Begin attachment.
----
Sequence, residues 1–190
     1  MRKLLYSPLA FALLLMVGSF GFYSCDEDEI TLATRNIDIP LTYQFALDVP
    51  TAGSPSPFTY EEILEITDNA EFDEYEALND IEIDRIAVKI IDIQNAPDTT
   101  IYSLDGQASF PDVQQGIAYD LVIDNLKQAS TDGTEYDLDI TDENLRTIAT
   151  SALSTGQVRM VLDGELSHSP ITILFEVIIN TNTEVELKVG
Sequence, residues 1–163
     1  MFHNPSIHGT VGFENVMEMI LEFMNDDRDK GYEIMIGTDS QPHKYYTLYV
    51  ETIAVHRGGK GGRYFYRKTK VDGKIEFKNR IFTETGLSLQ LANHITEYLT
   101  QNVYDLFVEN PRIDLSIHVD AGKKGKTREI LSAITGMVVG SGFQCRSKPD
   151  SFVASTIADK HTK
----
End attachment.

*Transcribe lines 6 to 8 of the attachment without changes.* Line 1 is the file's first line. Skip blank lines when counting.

Sequence, residues 1–163
     1  MFHNPSIHGT VGFENVMEMI LEFMNDDRDK GYEIMIGTDS QPHKYYTLYV
    51  ETIAVHRGGK GGRYFYRKTK VDGKIEFKNR IFTETGLSLQ LANHITEYLT